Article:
It was fitting that Hoffman, just one of three seniors on the roster and two healthy enough to play in the match, recorded the final kill.

On his final swing in his high school career, he made it a golden one.

"At first, it was great to get the kill, but I didn't see that it hit him," Hoffman said of his winning kill. "When I turned around and saw people celebrating, it really brought me up, but when they told me where it hit him, it was awesome."

This year's team wasn't constructed like past state champions. Instead of loads of experience, there were loads of varsity inexperience on this year's squad.

But, that didn't prevent the Bobcats from replicating what the four teams prior to them had done. 

Brillhart's dominance: Over the course of the match, whenever Northeastern needed to put an end to an Eagles' run or come up with a much-needed point, it turned to Brillhart, its junior outside hitter.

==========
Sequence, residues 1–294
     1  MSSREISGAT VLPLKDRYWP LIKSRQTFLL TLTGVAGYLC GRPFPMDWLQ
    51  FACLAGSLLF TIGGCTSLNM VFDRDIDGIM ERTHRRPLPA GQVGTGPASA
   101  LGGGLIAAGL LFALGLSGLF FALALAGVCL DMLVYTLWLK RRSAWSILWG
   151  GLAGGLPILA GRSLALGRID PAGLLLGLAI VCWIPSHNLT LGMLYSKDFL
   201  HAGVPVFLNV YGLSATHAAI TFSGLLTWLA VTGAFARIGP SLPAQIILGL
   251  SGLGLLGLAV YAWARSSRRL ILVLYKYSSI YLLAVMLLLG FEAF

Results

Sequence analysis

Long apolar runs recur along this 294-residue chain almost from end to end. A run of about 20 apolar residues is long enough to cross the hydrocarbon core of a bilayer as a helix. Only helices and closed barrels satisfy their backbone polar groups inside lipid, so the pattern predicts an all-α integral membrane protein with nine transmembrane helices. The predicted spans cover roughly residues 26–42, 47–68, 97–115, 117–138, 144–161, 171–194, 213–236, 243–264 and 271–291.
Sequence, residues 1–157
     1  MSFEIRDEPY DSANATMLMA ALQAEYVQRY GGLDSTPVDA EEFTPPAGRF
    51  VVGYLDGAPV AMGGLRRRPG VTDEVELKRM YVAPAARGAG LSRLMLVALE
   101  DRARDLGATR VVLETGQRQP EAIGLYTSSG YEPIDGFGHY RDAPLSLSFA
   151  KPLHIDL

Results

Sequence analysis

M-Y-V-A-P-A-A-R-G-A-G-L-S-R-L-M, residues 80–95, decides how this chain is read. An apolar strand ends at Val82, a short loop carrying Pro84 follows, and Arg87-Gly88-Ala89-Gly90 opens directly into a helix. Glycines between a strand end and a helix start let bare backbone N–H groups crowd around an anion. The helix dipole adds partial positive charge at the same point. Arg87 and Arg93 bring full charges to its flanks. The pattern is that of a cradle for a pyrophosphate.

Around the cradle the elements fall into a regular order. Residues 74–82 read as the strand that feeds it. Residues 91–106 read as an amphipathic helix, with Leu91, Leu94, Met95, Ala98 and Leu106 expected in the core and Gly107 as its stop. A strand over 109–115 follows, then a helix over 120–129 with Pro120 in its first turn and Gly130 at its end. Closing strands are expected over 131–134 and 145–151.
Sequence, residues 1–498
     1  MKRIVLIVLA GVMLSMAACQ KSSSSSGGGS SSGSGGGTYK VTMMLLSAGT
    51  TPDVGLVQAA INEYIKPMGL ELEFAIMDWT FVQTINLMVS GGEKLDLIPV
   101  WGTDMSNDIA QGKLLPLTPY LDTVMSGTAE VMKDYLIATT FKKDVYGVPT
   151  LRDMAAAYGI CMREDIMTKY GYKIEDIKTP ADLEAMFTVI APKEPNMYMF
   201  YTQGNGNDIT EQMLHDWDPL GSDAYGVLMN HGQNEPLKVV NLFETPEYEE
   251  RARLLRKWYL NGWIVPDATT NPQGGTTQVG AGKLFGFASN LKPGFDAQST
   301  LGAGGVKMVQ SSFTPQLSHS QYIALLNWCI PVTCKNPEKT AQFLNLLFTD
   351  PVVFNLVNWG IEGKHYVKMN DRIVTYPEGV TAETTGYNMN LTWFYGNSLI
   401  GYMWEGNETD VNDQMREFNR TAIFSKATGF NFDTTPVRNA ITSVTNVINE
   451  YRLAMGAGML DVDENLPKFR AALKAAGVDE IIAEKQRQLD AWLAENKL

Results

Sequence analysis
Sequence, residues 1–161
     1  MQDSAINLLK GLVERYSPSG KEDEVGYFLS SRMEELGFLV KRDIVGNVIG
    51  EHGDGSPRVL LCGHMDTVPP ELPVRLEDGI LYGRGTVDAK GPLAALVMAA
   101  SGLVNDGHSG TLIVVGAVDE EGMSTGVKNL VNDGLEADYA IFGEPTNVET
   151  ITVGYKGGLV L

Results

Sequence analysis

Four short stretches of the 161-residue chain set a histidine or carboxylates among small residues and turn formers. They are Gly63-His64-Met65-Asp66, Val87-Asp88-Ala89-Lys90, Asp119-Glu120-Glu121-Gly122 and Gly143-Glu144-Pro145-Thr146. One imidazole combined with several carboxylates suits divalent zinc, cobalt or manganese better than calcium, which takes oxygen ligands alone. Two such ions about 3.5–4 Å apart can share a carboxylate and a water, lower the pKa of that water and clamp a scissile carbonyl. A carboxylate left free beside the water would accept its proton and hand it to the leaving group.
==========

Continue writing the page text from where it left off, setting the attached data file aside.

Time and time again, Brillhart put the finishing touches on winning points for the Bobcats, coming up with 30 kills, five blocks and a service ace.

"This game and the (state) semifinals were probably up there with two of my better ones, individually," he said. "I thought really coming out early I was in a good rhythm."

Northeastern's James Toomey goes after the ball while Cole Brillhart watches during PIAA boys' state volleyball championship action against Beaver County Christian at Rec Hall in State College, Saturday, June 10, 2017. Northeastern would win the game 3-1, claiming their fifth title in as many years. Dawn J. Sagert photo